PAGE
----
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Can Subscription Software Help Fix Community Policing?

ITsimple’s newest product aims to provide what amounts to a mobile safe space for residents and law enforcement to interact. The launch of the tools comes amid recent hurdles for many community policing efforts.

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As police and sheriffs’ departments work to build stronger ties with residents — ties often damaged by the pandemic and recent political turmoil — a young company based near Atlanta hopes to use subscription software to help with that task.

ITsimple is among the latest to launch a SaaS service based around the concept of strengthening community policing. Its new cloud-based CityGuards product is a mobile tool designed to enable police and fire departments to better communicate with residents.

Officials can distribute news and info about offenders, crime trends, safety and community events, for instance, while residents can share about crimes and concerns. The general idea is to provide a place away from traditional social media that is focused on local areas and which allows residents a measure of privacy or anonymity when engaged with law enforcement and first responders.

As well, the CityGuards tool is also meant to provide all that information — fire hazard tips and offender lists are among the other data the product can provide — without requiring residents to click through multiple web pages, said Ron Freeman, founder and CEO of the company, which he started in 2017.

In consumer terms, Freeman aims to reduce friction between residents and their local public safety agencies. That broader mission, which motivates his work with ITsimple, came about when he moved and found that information about his new hometown was too widely distributed on digital channels for his tastes.

“I wanted to simplify daily life,” said Freeman, who worked on cybersecurity efforts for Hewlett Packard Enterprise, among other jobs, before starting ITsimple. “We are flying into space. Why can’t we do this?”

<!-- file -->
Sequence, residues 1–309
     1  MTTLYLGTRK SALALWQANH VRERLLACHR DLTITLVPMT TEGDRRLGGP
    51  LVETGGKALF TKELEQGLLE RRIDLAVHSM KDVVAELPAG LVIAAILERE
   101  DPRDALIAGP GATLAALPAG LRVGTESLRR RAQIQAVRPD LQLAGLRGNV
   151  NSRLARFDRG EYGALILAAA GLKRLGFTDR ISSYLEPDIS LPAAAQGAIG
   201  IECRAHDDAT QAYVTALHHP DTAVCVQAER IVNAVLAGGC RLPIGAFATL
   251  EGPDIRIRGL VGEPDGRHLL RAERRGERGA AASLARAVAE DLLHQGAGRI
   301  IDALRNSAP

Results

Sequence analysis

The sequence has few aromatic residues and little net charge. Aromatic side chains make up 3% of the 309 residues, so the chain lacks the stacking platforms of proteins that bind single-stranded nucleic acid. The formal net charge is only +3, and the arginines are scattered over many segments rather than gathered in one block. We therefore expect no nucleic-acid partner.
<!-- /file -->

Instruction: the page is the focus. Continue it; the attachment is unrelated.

COMMUNITY POLICING PROBLEMS


The company, which also sells other local engagement software products, launched its new offering as local law enforcement agencies struggle to build or keep ties with communities ravaged by COVID-19, and during the ongoing Black Lives Matter and “defund the police” movements. Protective efforts against the virus curbed many community outreach efforts by police — regularly scheduled public meetings, for instance — and the political tensions reduced the trust among many officers and citizens.

A report from Pew earlier in the pandemic described some of those challenges, with officers and other law enforcement experts blaming the pandemic for erecting new “barriers” between police and the people they serve. Rebuilding those efforts have become increasingly important to many around law enforcement. In fact, a report earlier this year from the American Bar Association about creating more trust includes one recommendation that would seem to favor the technology offered by ITsimple and other companies in the space.

That report advises public safety agencies to provide “communities with a direct, ongoing voice in their police agencies by involving community members in the review and development of departmental policies and procedures.”

Traditionally, that has often been via face-to-face methods. But a recent report from Northwestern University about developments in a two-year-old effort to boost community policing in Chicago illustrates the current challenges of such efforts even amid some positive gains.

“Several factors might have set back those interactions, like the pandemic, Chicago’s high rates of shootings and gun deaths, George Floyd’s murder and the subsequent protests, all of which strained police-community relations,” the report stated. “Though researchers found no significant impact on crime or on residents’ trust in the police or their perceptions of safety, they note that in addition to the challenges already mentioned, the program had a small rollout.”

As those challenges persist, Freeman wants to sell technology to departments that better reflect where citizens are often most active — and will likely remain most active well after pandemic restrictions lift.

“Everything runs on mobile these days,” he said.

That, however, presents its own potential challenges.

“Mobile development is more complicated than web development,” he said, in part because apps accepted into the big mobile stores operated by Google and Apple must undergo review from “the big boys.”

Better, more efficient community engagement is not the only selling point for such software. California-based Esri, which develops ArcGIS, launched what it calls a Police Transparency solution during the pandemic that helps public safety agencies share more data with residents, and otherwise beef up community engagement efforts, via an online hub.

As for Freeman, he said that San Bernardino, Calif., and Brookhaven, Ga., are already using the CityGuards software, with more clients to come.

“With COVID-19, who knew community engagement would become so important?” he said.
Thad Rueter writes about the business of government technology. He covered local and state governments for newspapers in the Chicago area and Florida, as well as e-commerce, digital payments and related topics for various publications. He lives in New Orleans.
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